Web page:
SPIDES, short periods of incubation during egg storage

Dr. James Wade, Andrew Cleare Aviagen Turkeys Ltd®


Why SPIDES is so important in incubation? If hatching eggs are stored for more than a week before being set in an incubator their hatchability begins to decline. When they are stored for longer than 14 days, the hatch loss can be substantial and is often hard to predict. Due to variable order patterns and sizes as well as seasonal fluctuations in demand it is not always possible to set all eggs within 7 days of lay.

Storage effects
Prolonged egg storage affects both the dormant embryo and the incubation chamber (egg) that contains it. With increased storage the internal quality of the egg deteriorates, this affects both the albumen quality and vitelline membrane integrity. As a result of prolonged storage there will also be increased incidence of embryonic cell death. This deterioration of quality within stored eggs results in a higher proportion of candled clears due to increased early embryo mortality.

Another consequence of prolonged storage is that eggs will take longer to hatch (implementing the hatch window) and there are typically an increased proportion of culled first day old chicks. There is evidence that strategically applied heat treatments during storage can advance the developmental stage of the embryo, taking it to a stage better able to survive storage. It is thought that these brief periods of incubation induce the repair/regeneration of embryonic cells, and thus minimise the damage induced by long-term storage. Research on this topic initially looked at treatments applied on-farm (pre-storage incubation), which aimed to advance the developmental stage of the embryo to one better able to withstand prolonged storage. This showed some benefits, but proved difficult to manage on a large-scale practical basis. The application of heat treatments during egg storage (Ar and Meir 2002) raised the possibility of applying this technique on a larger scale in the holding area of a hatchery or in a storage depot. This technique of short periods of incubation during egg storage became known as SPIDES.

Implementation of SPIDES
To date, the SPIDES technique has been found to give 2-4% better hatchability in eggs stored for 7-14 days and higher benefits when eggs were stored for over two weeks.

Following these successful trials with chicken eggs Aviagen Turkeys investigated the application of the SPIDES technique to turkey eggs. Several trials have been completed at Grantham hatchery. In one trial eggs were stored for 11 and 12 days under normal storage conditions. Half of these eggs were treated at 38°C for 6 hours on day 8 and then returned to the hatchery egg store until setting. Benefits were seen in hatchability in the group having the heat treatment over the control group.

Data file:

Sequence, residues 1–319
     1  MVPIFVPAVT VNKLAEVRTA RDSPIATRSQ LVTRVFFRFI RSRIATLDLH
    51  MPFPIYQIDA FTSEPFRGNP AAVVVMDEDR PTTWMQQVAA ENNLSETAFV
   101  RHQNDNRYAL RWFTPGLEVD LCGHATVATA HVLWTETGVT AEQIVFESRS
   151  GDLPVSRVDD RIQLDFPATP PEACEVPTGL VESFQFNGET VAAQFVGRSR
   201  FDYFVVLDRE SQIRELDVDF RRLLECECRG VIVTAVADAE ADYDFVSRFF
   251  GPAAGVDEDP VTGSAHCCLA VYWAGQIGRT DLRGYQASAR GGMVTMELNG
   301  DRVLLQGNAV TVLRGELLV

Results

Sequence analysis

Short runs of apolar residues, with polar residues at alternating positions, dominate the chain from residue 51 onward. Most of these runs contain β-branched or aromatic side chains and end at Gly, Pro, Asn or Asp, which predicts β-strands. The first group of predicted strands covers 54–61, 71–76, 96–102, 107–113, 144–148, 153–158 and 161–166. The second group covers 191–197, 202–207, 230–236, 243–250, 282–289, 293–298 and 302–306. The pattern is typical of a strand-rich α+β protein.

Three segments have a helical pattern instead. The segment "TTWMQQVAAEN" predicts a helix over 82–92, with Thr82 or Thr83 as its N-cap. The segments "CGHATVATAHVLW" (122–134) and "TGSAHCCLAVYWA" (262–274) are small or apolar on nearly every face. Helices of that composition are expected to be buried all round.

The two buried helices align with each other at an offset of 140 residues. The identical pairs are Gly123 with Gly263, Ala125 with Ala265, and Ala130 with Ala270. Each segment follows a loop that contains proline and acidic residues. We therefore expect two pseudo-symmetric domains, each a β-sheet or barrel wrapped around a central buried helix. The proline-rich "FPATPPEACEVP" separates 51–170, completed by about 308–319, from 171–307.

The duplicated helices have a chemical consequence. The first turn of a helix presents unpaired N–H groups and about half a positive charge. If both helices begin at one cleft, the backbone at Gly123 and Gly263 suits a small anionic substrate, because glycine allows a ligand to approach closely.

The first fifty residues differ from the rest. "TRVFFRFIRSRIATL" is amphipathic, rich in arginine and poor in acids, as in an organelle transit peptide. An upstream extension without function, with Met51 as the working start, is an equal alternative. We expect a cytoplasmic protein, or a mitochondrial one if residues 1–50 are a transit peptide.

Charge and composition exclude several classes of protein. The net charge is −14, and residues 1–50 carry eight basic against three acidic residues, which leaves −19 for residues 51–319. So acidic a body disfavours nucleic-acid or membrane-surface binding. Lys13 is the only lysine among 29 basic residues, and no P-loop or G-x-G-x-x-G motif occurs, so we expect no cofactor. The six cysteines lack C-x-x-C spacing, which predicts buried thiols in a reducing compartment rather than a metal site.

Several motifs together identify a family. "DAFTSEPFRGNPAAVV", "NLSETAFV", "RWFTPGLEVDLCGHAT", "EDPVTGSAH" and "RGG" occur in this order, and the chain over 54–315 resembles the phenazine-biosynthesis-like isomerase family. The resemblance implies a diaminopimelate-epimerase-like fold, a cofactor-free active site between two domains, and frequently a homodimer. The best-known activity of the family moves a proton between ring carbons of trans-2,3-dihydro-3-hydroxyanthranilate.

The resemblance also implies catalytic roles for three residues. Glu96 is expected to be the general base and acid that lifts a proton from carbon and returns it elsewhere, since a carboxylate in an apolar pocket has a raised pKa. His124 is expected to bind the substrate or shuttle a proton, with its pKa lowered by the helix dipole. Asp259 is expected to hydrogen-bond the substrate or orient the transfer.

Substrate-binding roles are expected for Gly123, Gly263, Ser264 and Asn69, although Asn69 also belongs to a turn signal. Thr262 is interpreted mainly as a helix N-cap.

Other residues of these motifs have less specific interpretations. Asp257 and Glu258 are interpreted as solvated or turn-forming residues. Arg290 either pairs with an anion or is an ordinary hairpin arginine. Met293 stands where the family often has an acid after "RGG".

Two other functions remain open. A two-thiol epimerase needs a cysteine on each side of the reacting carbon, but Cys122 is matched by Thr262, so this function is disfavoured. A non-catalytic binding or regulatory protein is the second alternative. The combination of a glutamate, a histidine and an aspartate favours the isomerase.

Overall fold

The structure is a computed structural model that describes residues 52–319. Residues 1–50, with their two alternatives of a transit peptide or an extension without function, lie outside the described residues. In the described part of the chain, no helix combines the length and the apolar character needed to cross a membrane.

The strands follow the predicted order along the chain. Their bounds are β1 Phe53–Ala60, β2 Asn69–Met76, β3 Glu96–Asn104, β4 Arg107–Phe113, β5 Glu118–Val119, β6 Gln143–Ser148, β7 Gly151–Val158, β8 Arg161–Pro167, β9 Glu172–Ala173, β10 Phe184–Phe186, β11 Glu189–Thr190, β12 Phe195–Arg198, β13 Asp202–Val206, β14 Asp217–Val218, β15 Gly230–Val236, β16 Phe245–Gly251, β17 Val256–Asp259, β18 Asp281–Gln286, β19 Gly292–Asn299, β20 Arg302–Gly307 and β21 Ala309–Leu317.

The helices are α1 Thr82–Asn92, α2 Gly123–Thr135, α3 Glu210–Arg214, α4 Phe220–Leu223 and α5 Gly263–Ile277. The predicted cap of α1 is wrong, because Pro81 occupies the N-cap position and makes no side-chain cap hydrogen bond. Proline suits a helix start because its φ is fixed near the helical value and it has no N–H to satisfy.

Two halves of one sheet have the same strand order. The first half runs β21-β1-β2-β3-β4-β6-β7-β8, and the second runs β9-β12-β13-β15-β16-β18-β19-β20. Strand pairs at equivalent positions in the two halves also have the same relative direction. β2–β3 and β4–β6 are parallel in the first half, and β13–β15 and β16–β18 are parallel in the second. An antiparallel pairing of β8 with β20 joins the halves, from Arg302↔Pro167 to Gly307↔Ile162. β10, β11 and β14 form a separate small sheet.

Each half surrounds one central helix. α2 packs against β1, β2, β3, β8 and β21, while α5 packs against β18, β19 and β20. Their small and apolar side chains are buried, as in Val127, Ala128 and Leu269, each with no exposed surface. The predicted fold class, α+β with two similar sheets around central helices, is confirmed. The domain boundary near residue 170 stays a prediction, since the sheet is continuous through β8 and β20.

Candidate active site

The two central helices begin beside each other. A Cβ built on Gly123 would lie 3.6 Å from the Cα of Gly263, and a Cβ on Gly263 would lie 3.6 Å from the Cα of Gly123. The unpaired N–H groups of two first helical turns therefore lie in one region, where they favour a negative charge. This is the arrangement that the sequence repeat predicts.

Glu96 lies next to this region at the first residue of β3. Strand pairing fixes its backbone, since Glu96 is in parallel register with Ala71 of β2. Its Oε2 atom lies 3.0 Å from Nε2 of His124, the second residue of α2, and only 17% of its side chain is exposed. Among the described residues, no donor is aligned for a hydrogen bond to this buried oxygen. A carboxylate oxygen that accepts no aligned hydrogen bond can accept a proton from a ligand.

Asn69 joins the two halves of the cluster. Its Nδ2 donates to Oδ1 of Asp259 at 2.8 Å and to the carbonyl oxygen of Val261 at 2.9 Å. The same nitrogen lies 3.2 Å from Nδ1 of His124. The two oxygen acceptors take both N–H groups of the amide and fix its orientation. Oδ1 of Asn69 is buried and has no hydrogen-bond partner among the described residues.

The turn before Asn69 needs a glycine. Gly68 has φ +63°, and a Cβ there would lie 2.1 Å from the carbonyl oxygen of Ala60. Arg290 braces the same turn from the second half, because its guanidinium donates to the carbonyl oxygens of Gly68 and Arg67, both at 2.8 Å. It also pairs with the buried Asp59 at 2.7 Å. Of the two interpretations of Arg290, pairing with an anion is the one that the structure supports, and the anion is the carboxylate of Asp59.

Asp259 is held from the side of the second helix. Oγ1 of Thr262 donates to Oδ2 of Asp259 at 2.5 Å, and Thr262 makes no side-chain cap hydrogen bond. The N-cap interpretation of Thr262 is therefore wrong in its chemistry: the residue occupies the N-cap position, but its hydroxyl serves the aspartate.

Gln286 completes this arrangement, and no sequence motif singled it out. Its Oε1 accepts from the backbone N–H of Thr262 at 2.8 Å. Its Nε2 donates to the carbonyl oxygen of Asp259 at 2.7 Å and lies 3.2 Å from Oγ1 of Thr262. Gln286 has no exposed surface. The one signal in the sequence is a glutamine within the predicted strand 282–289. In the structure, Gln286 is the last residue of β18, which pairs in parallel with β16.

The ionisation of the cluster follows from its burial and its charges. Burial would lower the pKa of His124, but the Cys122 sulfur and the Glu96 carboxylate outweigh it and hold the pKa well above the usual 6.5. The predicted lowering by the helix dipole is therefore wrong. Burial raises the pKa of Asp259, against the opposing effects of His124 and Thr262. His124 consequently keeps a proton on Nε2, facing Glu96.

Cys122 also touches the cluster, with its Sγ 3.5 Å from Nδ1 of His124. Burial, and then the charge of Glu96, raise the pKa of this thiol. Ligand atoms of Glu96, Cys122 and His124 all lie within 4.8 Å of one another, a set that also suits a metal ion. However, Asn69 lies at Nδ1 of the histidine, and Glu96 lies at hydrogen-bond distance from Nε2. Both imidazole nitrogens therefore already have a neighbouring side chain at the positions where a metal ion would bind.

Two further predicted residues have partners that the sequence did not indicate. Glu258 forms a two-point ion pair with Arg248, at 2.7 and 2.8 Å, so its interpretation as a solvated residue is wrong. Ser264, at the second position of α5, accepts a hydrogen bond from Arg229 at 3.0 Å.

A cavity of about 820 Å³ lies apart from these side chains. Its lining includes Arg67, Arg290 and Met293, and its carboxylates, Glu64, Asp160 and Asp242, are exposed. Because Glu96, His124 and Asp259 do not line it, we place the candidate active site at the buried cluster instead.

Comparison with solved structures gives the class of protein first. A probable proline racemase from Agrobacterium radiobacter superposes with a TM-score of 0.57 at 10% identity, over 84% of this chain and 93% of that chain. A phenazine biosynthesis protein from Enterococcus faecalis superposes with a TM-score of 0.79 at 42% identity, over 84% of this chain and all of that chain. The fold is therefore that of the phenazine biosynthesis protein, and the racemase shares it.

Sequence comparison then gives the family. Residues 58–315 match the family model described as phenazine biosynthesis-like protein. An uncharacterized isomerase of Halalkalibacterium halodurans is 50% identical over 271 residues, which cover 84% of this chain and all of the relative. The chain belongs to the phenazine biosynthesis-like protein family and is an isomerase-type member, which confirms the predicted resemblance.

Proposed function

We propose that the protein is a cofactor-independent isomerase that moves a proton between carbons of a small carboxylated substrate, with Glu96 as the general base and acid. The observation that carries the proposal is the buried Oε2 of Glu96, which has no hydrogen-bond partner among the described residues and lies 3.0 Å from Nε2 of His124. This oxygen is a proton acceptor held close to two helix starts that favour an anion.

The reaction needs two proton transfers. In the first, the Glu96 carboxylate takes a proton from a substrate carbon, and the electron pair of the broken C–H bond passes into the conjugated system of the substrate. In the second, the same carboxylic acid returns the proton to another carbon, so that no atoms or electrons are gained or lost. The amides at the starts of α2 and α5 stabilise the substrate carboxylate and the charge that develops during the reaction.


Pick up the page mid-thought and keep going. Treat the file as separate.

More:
A second trial investigated the effect of egg turning in combination with a single heat treatment. The results from this work are shown below and demonstrate a benefit from the treatment including turning.

There has been much less emphasis placed on research into the SPIDES treatment of turkey eggs which have been stored long term. However, it does appear that the basic principles which underlie the SPIDES treatment of chicken eggs are applicable to the treatment of turkey eggs. More work will hopefully continue on this topic.

Suggested guidelines

  • A single SPIDES treatment is sufficient to improve hatch in eggs stored from 15-17 days, but needs to be given on or around 8-10 days.
  • Hatch improvements can be greater if multiple (2 or 3) treatments are given depending upon how long the eggs are stored.
  • Typically no more than 7 days should be left between treatments.
  • Where multiple treatments are applied there should be an equal amount of time left between treatments.
  • SPIDES works in all incubator models and types tested so far, so long as the heating times are adjusted as necessary.
  • The effective temperature range for SPIDES has been found to be between 32 and 38 degrees Celsius.
  • It is not helpful to pre-define a heat treatment in terms of time – as this will vary with egg numbers and incubator type. What is important is that the eggs are warmed to just below incubation temperature and then cooled.
  • Greater hatch improvements are likely to be seen with eggs that have been stored for more prolonged periods and have lost a lot of hatchability – the higher the hatch loss, the greater the improvement.
  • SPIDES treatments give a tighter hatch window – less hatch delay from SPIDES treated stored eggs.
  • Infertile eggs will not be affected.
  • It is possible to overdo the heat treatments and kill embryos. Total treatment time above 32 degrees should ideally be kept below 13 hours.
  • Poult quality will generally be better after SPIDES treatment compared to untreated eggs.
  • Setting too soon after heat treatment can have negative effects.